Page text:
Premise: Russell (Christian Bale) is a mill worker in Pennsylvania (I think) who has a haphazard mistake occur, and lands himself some prison time. Meanwhile, his brother Rodney (Casey Affleck) is a former marine who know finds himself struggling to get a job, and without his big brother around to help pay off debts, he tangles himself up in a bare-knuckle boxing ring fronted by a crazy New Jersey redneck named Harlan (Woody Harrelson). Now old-Batman has to try to find out what happened to new-Batman’s little brother.
-It has some nice cinematography and some clever editing. At the very least the film tried not to tell the story as straightforward as possible. It uses some cute parallel editing tricks to try to point out some metaphors that are fairly obvious, but I enjoyed watching it from a technical and stylistic point of view, nonetheless.
-I’ll get to the characters later, but the acting is at least really good. This is kind of a strange movie in the sense that it has an unoriginal plot and it came out of nowhere, but it drew me in because of a nice crop of A-list talent (well, and I was bored and there was nothing else to go see).
-The Appalachian mountains are an interesting setting to have a movie like this take place in, because it just lends itself to the type of characters the story wanted (lowlifes). Also, it’s a super creepy place full of terrible people and I would never want to experience it in real life.
-Willem Dafoe has a supporting role, which I didn’t realize until I was in the theater watching the movie, and he was one of the most entertaining side characters.
-Soundtrack/music score is decent.
-A lot of this movie is full of interesting ideas; such as adapting to life after prison, adapting to life after the military, trying to find work in a tough economy, battling with a crazy redneck, etc… But all of them are just half-thoughts. The film starts as an intriguing look at the bad things life can throw at you, even without the use of the bare-knuckle boxing angle, but then it just shifts into the Harlan plot halfway through and I forgot the point of showing the hardships in the first half, because now it’s just a movie about fighting hill folk. I don’t know if I just made sense there? Let me try to sum it up again… First half: Family/economic struggle. Second half: Battle against methheads. I’m not sure either are fully realized storylines, so it hurts the film overall. There!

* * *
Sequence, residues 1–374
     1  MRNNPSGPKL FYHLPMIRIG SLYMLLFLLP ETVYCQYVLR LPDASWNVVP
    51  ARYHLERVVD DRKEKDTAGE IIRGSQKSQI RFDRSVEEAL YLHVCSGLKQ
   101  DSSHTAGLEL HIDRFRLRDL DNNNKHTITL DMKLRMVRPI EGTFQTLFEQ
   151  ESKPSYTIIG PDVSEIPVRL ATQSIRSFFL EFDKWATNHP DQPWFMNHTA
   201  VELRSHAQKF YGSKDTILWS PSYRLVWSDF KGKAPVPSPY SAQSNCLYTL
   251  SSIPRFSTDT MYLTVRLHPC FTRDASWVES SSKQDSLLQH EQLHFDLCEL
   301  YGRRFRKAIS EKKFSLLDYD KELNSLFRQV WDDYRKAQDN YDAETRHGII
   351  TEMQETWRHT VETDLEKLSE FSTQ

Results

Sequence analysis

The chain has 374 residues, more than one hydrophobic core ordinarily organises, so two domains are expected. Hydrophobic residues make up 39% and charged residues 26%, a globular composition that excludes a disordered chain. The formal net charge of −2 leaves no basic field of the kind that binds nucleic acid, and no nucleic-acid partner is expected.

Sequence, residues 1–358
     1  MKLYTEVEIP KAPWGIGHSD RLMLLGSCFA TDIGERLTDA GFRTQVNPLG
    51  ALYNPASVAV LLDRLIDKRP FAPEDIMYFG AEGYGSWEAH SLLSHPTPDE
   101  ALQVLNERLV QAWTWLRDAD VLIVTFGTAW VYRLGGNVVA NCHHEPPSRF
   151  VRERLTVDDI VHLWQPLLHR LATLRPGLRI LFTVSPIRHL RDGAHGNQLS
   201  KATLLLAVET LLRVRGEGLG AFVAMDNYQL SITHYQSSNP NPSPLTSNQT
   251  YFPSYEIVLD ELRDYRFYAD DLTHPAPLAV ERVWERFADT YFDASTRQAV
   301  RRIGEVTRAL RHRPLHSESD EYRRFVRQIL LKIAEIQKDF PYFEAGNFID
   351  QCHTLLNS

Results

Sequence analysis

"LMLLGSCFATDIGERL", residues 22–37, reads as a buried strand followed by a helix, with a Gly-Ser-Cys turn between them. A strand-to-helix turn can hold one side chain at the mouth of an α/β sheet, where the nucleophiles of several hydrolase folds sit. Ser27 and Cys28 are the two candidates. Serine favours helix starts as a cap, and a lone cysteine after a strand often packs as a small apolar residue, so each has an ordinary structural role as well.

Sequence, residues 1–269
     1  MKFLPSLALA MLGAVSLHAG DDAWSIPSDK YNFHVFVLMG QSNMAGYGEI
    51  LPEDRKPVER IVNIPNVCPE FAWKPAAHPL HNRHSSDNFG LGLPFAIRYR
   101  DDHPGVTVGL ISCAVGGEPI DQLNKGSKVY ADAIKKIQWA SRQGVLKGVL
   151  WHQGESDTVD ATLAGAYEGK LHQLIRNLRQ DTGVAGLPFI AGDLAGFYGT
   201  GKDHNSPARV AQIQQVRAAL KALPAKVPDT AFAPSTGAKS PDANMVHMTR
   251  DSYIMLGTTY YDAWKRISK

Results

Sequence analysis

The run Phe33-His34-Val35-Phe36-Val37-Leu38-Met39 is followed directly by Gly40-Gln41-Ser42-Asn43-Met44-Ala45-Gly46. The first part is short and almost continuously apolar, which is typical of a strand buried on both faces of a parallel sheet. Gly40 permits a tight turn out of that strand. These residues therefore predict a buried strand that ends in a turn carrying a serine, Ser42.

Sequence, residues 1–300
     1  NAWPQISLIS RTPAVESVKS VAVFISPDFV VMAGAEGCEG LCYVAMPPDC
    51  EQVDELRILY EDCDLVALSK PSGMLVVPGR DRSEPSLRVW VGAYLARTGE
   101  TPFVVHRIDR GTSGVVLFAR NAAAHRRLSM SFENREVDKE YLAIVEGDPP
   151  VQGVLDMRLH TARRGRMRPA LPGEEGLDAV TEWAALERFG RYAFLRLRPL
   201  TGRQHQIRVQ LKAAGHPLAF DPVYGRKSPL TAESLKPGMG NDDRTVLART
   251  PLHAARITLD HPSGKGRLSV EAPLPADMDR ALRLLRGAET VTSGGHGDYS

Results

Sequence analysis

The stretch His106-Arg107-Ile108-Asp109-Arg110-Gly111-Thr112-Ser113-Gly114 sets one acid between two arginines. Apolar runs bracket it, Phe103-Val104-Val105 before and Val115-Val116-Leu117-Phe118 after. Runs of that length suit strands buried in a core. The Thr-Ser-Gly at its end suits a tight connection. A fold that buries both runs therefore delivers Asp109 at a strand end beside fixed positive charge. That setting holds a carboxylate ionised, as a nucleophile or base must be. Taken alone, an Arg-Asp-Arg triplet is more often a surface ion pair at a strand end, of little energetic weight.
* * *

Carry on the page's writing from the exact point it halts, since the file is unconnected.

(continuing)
-There were a couple of times when I thought that Christian Bale only signed on to this movie so he’d have an excuse to have that rockin’ haircut.
-Russell’s girlfriend Lena is an almost completely useless character. Not so much in that she makes stupid choices (she didn’t have the chance to), because the main purpose of her is to create unnecessary tension between Russell and the cop looking for his brother, played by Forrest Whitaker, because the cop is now dating Lena post-prison sentence. Man, when I try to like write out plot points to this movie they make this film seem way more complicated than it actually is. The cop character and the girlfriend character didn’t even *need* to be in this movie, is what I’m trying to say. They didn’t add anything but one-note characterizations and a chance to have Whitaker and Zoe Saldana in the movie.
-I could have figured out based simply on the trailer, let alone any given second that Harlan is on the screen in the movie, that he’s an evil, mean dude. I don’t think he needed to be featured in the opening scene beating up a woman at a drive-in movie to establish who he was, especially since the scene had nothing to do with the story as a whole. I could have assessed by any other Harlan scene in the movie that he was capable of beating people up for no reason, as he proceeds to do like four more times throughout the film.
-So… they just stole that ending from Se7en, right?
-Wow, that was one heck of a bad final shot before the credits started rolling.
Final Thoughts: Had this come out a few months ago, it probably would have made my Most Forgettable Movies of 2013 list from last week. It’s just kind of a bland, unoriginal movie at its core. But it has a few scenes that pay off nicely. It’s one of those movies where I’m happy that I got all the way through it and experienced it at least once, and was able to absorb anything of merit from it, because I never plan on watching it again or recommending it to anyone. It’s sort of a chore to get through at times. Maybe watch it for free on Netflix next year and see if you get any more out of it than I did. [cue Pearl Jam song]
6 out of 10